Spirulina (so named because of its spiral shape), belongs to the family of filamentous cyanobacteria or micro-algae. It would have appeared on earth more than 3 billion years ago and crossed the history of humanity to reach us!
A true super-food: it grows naturally in lakes near the equator, in India, Chad, and Mexico. The Incas already consumed it as a food. Since ages, Kanembu women in Chad have harvested spirulina and dried it for consumption with millet.
In the West, it is only more recently (in the 70s) that we have rediscovered its fabulous nutritional properties.
Easily assimilable proteins including 8 essential amino acids, pro-vitamin A or beta-carotene, which is converted into vitamin A in the body, vitamins of groups B, E and K, many trace elements (iron, potassium, phosphorus , zinc, magnesium, calcium, …), gamma-linolenic acid, an essential fatty acid, pigments (phycocyanin, chlorophyll, …). See the composition chapter. In addition, the bioavailability of these micronutrients is much higher than that provided by equivalent products of plant origin.
This is why Antenna France has chosen spirulina to supplement the renutrition programs of malnourished children in Africa and Madagascar. It provides an appreciable amount of quality protein (for example, 10 g of spirulina in the daily ration may represent, according to the weight of the child, more than 50% of the recommended protein intake). Finally, it effectively combats iron and vitamin A deficiencies associated to malnutrition.
A good understanding of its composition and of the benefits of each component can explain the numerous benefits of spirulina for the body. In particular strengthening the immune defences! (1)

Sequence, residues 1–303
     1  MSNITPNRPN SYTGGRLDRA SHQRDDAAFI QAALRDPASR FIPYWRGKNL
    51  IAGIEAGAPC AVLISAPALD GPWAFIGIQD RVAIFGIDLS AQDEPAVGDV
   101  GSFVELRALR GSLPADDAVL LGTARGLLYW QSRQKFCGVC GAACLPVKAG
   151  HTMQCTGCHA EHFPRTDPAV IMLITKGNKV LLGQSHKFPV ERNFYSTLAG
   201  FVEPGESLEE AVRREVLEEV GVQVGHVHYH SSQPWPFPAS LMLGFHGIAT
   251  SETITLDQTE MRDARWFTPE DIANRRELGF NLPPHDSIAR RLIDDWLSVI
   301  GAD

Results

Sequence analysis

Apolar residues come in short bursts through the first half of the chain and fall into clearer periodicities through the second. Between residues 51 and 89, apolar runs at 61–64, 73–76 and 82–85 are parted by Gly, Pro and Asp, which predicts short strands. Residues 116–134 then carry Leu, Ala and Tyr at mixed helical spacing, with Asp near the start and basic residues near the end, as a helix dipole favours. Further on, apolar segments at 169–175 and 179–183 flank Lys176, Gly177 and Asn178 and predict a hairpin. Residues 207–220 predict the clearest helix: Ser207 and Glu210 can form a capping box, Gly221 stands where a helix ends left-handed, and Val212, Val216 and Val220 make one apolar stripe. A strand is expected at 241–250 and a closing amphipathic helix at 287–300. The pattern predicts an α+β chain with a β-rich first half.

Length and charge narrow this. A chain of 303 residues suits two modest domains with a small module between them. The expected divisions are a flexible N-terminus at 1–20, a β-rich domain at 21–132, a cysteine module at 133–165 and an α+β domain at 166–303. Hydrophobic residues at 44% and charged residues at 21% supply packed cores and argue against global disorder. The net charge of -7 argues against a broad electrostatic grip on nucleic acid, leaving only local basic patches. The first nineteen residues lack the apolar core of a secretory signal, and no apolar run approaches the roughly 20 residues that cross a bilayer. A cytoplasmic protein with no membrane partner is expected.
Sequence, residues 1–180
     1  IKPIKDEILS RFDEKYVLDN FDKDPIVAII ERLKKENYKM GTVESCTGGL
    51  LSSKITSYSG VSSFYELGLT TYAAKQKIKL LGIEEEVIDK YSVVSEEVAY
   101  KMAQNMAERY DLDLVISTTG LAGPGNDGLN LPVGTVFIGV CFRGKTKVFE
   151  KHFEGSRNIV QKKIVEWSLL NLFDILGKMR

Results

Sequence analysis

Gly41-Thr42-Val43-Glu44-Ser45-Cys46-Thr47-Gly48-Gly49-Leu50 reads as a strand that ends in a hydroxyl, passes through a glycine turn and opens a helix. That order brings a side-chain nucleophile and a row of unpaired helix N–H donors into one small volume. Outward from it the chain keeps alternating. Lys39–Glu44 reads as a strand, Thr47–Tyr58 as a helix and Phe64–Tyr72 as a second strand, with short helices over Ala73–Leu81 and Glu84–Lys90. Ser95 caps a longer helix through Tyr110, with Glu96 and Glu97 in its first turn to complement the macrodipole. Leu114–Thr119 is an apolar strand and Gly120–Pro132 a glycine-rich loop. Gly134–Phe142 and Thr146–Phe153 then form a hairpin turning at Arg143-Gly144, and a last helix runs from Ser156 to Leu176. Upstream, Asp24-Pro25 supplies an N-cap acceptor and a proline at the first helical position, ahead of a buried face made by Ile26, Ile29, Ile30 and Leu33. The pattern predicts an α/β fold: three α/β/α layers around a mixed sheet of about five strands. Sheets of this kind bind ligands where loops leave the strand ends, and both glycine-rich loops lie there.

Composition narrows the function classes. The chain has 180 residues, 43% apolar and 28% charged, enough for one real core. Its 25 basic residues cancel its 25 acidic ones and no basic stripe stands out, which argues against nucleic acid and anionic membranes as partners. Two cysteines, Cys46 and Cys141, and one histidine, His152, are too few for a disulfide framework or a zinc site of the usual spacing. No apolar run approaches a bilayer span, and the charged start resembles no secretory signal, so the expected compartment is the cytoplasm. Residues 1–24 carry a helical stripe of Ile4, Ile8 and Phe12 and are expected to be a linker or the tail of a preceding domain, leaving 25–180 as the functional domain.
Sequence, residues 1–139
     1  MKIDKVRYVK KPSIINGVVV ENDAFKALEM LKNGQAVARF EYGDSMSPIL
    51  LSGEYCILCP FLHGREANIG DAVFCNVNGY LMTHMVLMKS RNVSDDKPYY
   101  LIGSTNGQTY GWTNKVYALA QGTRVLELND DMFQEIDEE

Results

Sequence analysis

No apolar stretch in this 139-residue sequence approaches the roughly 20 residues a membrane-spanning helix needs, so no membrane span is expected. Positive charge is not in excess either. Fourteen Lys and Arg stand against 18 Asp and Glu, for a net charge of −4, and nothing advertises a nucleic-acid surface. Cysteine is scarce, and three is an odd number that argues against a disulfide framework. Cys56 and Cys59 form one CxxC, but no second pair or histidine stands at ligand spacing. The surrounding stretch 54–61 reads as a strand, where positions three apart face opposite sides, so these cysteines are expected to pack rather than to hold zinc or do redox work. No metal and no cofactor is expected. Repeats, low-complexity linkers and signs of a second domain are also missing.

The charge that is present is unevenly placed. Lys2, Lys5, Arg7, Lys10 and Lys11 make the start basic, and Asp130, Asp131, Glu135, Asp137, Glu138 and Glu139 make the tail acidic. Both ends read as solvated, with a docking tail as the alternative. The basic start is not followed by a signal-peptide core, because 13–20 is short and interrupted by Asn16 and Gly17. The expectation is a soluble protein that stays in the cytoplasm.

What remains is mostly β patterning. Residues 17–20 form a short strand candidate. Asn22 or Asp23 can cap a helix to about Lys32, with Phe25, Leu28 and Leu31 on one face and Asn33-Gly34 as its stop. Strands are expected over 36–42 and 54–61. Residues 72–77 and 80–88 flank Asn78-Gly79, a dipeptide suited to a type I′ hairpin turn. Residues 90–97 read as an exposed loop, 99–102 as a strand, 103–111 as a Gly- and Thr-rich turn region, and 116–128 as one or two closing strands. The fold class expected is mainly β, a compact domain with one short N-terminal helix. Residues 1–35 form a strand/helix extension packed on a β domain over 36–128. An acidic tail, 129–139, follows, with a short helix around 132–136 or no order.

Vitamin A deserves special attention: beta-carotene (the orange pigment) found in spirulina is the precursor of vitamin A. Spirulina contains ten to fifteen times more beta-carotene than carrots. (2)
It takes between 3 and 6 g of spirulina to cover the recommended daily needs in adults (900 μg). For children aged 6 months to 3 years, as their daily needs in this vitamin are between 300 and 500 μg, they would need a dose of spirulina between 1 and 3 g / day.
This pigment is used as a natural blue dye in the food industry. But above all it has many properties including antioxidant and anti-inflammatory but also antiviral effects. Phycocyanin also enhances the immune system. (3-4 ).
Spirulina brings on average 80 to 100 mg / 100g of iron, a large proportion of which will be absorbed especially if it is associated with vitamin C (a lemon juice for example). In comparison, whole grain cereals, which are among the best sources of iron, contain only 150 to 250 mg / kg and this iron is rarely bioavailable, tannins and phytates preventing its metabolism. Iron supplements given in the form of ferrous sulfate may be poorly tolerated and cause digestive disorders.
Spirulina is therefore a good source of iron in vegetarian diets and helps fight against anemia secondary to iron deficiency.
It is strongly present in spirulina. One of the best sources after human milk. This fatty acid is a precursor of mediators involved in anti-inflammatory and immune processes.
Some studies have highlighted the relationship between taking spirulina and lowering cholesterol levels. This may be due to its antioxidant elements and the action of its polyunsaturated fatty acids (5).
* The amount of vitamin B12 brought into active form by spirulina is insufficient to meet the needs of vegetarians
Although unaware of this fact, we are often “malnourished” by excessive or unbalanced intake of certain nutrients (fat, sugar and proteins in the industrialized countries). By doing a spirulina cure, you will not get fat. Your body and your metabolism will regain balance and you will less tired. Your immune defenses will be strengthened.
You can read the excellent book of Joëlle Le Guehennec “Spirulina” you will find all the good reasons to make a quick cure of spirulina.
(1) Source : Les incroyables vertus de la spiruline – Géraldine Laval Legrain et Benoît Legrain aux éditions Jouvence
(2) Etude publiée dans le Journal of Nutrition Science sur l’impact du bêtacarotène de la spiruline.